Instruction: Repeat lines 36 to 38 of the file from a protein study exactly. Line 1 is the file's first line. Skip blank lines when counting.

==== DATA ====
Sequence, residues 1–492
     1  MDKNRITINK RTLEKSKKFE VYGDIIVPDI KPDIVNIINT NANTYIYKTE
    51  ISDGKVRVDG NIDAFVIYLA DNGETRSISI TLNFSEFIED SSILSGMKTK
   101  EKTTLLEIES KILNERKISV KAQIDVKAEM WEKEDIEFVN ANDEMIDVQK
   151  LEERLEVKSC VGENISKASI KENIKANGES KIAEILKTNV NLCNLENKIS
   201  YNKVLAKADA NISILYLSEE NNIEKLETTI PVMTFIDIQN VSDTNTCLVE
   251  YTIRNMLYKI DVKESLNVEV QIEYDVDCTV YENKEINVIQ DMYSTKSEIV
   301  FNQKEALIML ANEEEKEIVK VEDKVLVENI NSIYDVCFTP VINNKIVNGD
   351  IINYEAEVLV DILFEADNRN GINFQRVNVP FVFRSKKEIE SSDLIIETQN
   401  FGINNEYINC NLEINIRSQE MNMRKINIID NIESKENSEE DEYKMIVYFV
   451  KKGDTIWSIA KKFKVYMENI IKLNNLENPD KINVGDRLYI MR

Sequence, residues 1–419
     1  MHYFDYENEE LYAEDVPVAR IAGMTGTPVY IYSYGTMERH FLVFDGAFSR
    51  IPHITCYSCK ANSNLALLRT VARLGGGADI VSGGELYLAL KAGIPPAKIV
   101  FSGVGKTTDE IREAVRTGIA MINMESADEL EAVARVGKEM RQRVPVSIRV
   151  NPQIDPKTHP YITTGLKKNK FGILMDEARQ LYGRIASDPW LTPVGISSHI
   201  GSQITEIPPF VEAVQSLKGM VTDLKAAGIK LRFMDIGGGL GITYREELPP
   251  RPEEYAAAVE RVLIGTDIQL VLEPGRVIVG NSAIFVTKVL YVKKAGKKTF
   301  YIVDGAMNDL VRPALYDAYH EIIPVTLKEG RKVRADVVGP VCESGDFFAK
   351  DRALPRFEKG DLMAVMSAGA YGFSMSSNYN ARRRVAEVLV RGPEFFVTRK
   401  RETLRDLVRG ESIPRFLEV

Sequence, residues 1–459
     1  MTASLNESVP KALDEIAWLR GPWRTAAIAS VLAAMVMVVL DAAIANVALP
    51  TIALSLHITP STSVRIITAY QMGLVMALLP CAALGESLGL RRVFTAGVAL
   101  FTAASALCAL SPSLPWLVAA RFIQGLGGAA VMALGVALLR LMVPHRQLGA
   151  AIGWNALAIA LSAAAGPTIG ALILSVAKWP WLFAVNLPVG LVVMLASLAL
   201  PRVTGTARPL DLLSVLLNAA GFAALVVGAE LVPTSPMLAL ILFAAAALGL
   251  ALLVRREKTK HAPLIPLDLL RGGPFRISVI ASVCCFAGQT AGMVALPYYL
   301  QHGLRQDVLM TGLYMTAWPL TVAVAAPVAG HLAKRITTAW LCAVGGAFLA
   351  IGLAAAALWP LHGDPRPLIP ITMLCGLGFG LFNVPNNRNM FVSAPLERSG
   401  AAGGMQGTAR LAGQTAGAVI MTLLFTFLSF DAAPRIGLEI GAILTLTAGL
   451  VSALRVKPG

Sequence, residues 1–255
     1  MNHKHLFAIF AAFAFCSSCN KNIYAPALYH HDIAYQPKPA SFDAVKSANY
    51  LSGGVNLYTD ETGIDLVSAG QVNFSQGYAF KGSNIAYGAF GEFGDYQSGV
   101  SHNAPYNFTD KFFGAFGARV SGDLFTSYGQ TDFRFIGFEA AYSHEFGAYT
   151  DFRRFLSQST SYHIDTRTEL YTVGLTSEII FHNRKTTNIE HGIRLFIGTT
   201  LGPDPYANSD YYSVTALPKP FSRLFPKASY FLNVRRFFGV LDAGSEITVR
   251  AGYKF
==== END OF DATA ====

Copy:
   101  SHNAPYNFTD KFFGAFGARV SGDLFTSYGQ TDFRFIGFEA AYSHEFGAYT
   151  DFRRFLSQST SYHIDTRTEL YTVGLTSEII FHNRKTTNIE HGIRLFIGTT
   201  LGPDPYANSD YYSVTALPKP FSRLFPKASY FLNVRRFFGV LDAGSEITVR